Few cities have taken such a hardline against Airbnb as Berlin. In May, a new law went into effect there that makes renting out entire apartments on sites like Airbnb illegal.
Two months later, though, there are still hundreds of "entire homes" available to rent within the city's borders on Airbnb. So Berlin residents who blame the city's rising rental prices on Airbnb's growth have launched a #BoycottAirbnb movement, placing graphic ads around the city urging tourists not to use the site. The ads feature Airbnb's logo transformed into a noose and naughty parts of the human anatomy:
The ads are in English rather than German, so clearly aimed at tourists. "When you book an apartment on Airbnb," the ads read, "think about the rising rent prices for locals, an increase in touristification and people going through social displacement. For each holiday apartment a local tenant has to leave their home."
The ads, which began showing up pasted over other ads throughout Berlin last week, seem to be the work of a group of people tweeting under the handle @AirbnbBoycott.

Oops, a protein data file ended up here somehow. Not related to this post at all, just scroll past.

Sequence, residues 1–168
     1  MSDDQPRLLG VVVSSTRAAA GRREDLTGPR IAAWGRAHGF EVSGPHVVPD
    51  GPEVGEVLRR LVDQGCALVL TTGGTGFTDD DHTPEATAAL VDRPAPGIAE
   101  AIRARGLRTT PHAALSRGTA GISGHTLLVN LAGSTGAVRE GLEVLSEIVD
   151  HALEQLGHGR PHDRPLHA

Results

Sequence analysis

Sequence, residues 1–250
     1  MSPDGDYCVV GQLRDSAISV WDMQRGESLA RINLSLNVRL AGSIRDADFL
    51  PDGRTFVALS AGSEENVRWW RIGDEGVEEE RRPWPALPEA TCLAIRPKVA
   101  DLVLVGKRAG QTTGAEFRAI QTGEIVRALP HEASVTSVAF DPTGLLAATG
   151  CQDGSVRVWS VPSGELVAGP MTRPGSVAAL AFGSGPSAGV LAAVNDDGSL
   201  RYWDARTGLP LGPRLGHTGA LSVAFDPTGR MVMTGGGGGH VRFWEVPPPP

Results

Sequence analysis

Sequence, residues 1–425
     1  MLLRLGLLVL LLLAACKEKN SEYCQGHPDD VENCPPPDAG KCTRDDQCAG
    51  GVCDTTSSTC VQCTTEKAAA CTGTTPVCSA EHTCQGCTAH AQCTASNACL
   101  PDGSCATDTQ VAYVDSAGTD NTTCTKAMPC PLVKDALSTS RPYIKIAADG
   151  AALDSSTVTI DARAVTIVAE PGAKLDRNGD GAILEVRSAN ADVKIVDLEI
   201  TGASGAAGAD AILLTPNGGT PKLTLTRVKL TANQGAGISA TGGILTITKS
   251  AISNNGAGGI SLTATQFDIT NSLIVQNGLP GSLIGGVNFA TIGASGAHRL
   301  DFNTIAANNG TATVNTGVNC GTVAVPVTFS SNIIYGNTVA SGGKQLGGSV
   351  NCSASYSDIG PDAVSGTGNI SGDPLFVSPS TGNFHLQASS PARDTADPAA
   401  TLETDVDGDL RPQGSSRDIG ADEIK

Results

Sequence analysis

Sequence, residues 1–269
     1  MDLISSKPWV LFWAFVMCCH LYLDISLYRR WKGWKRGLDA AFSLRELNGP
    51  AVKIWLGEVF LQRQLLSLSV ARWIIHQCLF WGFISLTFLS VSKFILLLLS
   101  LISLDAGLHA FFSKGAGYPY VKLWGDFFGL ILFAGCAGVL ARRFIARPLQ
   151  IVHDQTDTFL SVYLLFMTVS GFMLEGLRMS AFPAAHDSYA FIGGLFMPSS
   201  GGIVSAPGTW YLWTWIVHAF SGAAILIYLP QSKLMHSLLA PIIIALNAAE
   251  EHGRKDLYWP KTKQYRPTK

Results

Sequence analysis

Some Berliners disagree with the campaign, saying Airbnb helps residents pay those rising rents.
I reached out and asked Airbnb why it has continued to allow users to post full apartments for rent in Berlin with the new law in effect. The company didn't respond to the question, but sent me this statement instead:
"Airbnb is an economic lifeline for thousands of regular Berliners that helps them afford their homes and the city they love. It democratises the benefits of travel for everyone and spreads guests and benefits beyond city centres to more communities and businesses."
Berlin has issued some of the harshest regulations against Airbnb to date, but other cities like New York and Reykjavik have also begun cracking down, citing damage to the local housing markets. In Berlin, and elsewhere, it seems, Airbnb may have begun to outstay its welcome.
Updated to include a statement from Airbnb.